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Top 12 Wok Tips

I get a lot of emails about wok, but truth to told, I am not an expert in the subject matter even though I do use a wok. All my wok knowledge came from my late mother: seasoning it to “open the wok,” the basic tips/techniques how to properly use a wok, and how to control the heat. I am really not in a position to advise you on carbon steel wok versus cast iron wok, etc. That’s why I have invited my friend Eleanor Hoh, also known as Wok Star, to share the top 12 wok tips that everyone could use. A special thanks to Eleanor for sending me her wok kit (as pictured above) when I first inked my book deal. Please welcome Wok Star to Rasa Malaysia and leave your wok questions in the comment section.

Thanks for inviting me to be a guest on Rasa Malaysia! I love your beautiful site which promotes the best in Asian culture and cuisine, so I am very thrilled to be included. As a wok enthusiast, cooking teacher and creator of a Wok Star Kit, I hear a lot of common mistakes people make when attempting wok cooking. There’s a lot of very confusing information out there, so, here are my…

from Wok Star Eleanor Hoh

1. Cooking in a wok requires the right technique, the right heat, the right seasonings = Wok Star!

2. Declutter your kitchen: use your wok for stir frying, steaming, stewing, deep frying, smoking and soups.

3. Leave your wok out at all times so it’s convenient. If you don’t see it, you don’t use it…

4. Getting the wrong wok & not seasoning it right can set you up for failure.

5. A lightweight cast iron wok is BEST. Who wants to lift a 15 lb. wok every night?

6. One handle woks tip over when you have food in it plus the handle gets in the way.

7. Round bottom woks need direct flames i.e. gas for maximum contact & to control your heat.

8. Flat bottom woks do not give you a natural stir fry motion, uses more oil & were made for electric stoves. See no. 11 & 12.

9. Non-stick woks cannot be used above medium heat according to manufacturer’s warning but high heat is ESSENTIAL to sear meat and for crunchy veggies.

10. Gas stove owners: use the smallest burner so heat is focused for your wok.

11. Electric stove owners: a portable butane gas stove solves the problem of cooking with your wok!

12. A Wok Star is someone who develops their own cooking style and thinks outside the box.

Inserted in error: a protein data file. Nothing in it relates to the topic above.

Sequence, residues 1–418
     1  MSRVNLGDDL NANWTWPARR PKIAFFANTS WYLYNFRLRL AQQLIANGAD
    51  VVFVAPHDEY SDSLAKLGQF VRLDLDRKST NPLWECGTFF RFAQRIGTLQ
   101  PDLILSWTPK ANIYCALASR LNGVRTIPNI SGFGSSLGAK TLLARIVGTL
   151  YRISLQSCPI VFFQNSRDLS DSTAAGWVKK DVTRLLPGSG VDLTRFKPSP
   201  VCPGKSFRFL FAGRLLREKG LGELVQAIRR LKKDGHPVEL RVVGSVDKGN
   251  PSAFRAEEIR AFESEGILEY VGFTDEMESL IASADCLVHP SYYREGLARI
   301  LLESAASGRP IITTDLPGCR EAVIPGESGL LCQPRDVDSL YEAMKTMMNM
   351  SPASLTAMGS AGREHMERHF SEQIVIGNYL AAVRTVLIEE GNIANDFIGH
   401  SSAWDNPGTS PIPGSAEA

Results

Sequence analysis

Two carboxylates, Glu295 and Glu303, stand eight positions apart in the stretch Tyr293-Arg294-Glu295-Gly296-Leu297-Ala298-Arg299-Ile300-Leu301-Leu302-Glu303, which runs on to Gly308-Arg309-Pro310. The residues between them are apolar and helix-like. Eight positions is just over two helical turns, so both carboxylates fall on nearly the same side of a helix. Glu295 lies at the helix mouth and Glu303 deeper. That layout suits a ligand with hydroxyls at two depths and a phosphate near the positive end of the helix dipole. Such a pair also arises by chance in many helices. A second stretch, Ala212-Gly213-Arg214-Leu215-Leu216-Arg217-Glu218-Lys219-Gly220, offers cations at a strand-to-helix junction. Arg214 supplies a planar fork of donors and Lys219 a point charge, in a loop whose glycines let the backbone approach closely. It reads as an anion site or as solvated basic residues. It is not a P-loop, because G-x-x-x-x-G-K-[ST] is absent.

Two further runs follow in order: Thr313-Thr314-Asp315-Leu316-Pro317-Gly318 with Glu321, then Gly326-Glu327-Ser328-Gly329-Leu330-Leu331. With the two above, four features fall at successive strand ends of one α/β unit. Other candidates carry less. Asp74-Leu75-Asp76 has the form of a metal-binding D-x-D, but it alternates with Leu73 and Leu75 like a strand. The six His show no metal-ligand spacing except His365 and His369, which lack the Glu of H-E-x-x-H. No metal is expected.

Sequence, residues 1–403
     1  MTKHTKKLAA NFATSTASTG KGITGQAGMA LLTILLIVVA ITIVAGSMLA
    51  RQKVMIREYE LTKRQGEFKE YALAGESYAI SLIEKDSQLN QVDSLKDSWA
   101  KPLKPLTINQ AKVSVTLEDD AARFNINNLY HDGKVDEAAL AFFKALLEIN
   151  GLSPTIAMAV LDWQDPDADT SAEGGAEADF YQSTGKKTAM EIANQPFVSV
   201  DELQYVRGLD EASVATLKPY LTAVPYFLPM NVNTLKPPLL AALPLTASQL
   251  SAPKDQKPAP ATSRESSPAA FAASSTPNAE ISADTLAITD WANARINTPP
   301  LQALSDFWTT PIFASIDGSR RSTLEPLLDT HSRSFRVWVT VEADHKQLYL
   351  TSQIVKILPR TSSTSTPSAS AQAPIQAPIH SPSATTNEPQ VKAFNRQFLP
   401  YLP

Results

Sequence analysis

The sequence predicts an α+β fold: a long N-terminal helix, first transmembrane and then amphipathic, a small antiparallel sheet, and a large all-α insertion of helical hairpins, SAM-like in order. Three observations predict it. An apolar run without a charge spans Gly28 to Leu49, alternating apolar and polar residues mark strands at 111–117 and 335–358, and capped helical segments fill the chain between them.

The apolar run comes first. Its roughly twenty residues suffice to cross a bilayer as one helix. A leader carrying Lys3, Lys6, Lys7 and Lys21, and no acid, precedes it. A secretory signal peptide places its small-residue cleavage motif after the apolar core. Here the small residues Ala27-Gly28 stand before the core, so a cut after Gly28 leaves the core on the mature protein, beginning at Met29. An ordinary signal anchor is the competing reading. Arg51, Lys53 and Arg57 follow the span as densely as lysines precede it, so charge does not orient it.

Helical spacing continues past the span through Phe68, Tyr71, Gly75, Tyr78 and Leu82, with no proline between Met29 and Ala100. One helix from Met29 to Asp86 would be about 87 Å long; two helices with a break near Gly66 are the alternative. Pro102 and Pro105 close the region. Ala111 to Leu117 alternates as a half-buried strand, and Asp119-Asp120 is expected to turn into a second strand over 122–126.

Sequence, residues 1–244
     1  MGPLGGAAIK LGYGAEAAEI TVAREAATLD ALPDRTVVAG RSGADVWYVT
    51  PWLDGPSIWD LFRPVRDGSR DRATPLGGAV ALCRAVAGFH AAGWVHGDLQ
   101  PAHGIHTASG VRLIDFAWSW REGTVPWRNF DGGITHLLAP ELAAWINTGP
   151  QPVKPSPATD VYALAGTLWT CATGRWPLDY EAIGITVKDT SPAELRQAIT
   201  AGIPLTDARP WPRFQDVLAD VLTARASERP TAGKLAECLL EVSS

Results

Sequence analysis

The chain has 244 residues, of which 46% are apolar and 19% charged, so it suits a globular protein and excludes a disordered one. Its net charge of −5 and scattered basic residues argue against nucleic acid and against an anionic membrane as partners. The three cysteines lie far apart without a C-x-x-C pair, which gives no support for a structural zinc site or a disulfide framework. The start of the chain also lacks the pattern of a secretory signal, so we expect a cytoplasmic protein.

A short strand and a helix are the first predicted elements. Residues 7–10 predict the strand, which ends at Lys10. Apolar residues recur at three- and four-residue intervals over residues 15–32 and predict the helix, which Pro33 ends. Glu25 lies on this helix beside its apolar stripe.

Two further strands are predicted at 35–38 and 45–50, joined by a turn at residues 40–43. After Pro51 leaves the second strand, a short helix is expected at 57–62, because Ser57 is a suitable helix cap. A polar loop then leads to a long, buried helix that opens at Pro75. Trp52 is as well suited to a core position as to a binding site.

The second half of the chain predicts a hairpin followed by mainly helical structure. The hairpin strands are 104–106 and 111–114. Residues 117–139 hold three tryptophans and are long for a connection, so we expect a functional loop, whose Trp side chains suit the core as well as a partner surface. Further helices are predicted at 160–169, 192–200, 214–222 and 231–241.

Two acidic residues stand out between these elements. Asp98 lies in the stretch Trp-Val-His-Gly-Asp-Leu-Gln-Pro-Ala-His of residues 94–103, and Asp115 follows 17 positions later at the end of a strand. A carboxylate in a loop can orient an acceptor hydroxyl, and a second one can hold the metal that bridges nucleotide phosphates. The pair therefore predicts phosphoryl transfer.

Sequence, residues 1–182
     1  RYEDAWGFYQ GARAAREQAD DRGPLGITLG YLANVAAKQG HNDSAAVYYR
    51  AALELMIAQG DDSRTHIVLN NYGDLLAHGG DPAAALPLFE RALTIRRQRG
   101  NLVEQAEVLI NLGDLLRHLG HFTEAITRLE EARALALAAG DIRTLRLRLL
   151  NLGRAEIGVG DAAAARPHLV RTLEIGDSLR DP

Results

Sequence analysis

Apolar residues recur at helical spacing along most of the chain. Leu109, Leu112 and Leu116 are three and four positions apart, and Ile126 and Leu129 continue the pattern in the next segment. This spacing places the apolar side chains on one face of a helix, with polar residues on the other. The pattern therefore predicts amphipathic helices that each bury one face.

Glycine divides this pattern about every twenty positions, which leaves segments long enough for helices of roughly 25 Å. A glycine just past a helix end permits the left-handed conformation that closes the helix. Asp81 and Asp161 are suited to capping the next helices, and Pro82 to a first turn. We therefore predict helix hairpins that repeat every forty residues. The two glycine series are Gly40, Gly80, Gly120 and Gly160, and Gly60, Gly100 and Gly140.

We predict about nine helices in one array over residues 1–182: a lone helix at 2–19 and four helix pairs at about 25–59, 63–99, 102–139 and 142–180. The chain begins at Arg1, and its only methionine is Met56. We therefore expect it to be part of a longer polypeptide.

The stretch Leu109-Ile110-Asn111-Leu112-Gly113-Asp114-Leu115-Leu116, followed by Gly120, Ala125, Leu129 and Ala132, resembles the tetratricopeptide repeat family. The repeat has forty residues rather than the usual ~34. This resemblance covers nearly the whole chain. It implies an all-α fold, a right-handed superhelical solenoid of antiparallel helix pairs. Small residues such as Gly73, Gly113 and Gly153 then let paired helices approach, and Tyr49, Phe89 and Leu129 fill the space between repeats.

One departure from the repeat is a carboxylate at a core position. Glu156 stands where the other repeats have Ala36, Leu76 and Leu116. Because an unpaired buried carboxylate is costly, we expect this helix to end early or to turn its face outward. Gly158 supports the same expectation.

For more on how to become a Wok Star, visit the website and my blog.

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49 COMMENTS... read them below or add one

  1. David

    Oh boy do I have a story to first wok was one of those that weighed 15pnds, my second tipped over and my third worked out much better for me.Thanks for sharing your tips, wokking is serious business and who better then to learn from than Wok Star!! Thanks Eleanor and Bee for sharing =)

  2. Kate

    I have a Chinese wok, it’s not heavy, but black in color, not sure if it’s carbon steel or cast iron. Anyway, it’s rusty, what can I do to salvage it? I heard we are not supposed to clean it with water???

    • akovia

      I clean my 30 year old steel wok with hot water and a steel scrubber pad. then it goes back on the burner for a couple of minutes to dry the water out of the pores. When needed again, always get it HOT before putting oil in. Nothing ever sticks.

  3. Dave – thnx for sharing your wok horrors, glad your current one is working out for you.

    Kate – thnx for comment. Easy to ‘reseason’ and once you start using it, it will rebuild its patina. See if your wok has concentric circles inside the wok, that’s carbon steel but not all have circles. I clean my cast iron wok with mostly hot water, it’s fine, it rebuilds patina when you use it. Maybe you can take a photo and send me?

    • Shannon – thnx for your comment, I love helping people be Wok Stars! You cook the way I do, no recipes or measuring. Think you’d be a wonderful Wok Star! What kind of wok do you have? Hope you’ll start using your wok for one of your food contests, you can cook most anything in it. Great for browning meat for a stew, I even use my wok to stew in. Love to hear your ‘off the wall’ uses of your wok.

  4. Carrie

    Hi, I have used my wok often over the last 32 years. It is a round bottomed wok and I have an electric stove. I put the wok directly on the burner and it works for me. Maybe I’m just used to cooking that way. I keep thinking about buying a flat bottomed, cast iron wok, but I am ridiculously attached to my current wok! Do you think the flat bottomed will work that much better for me?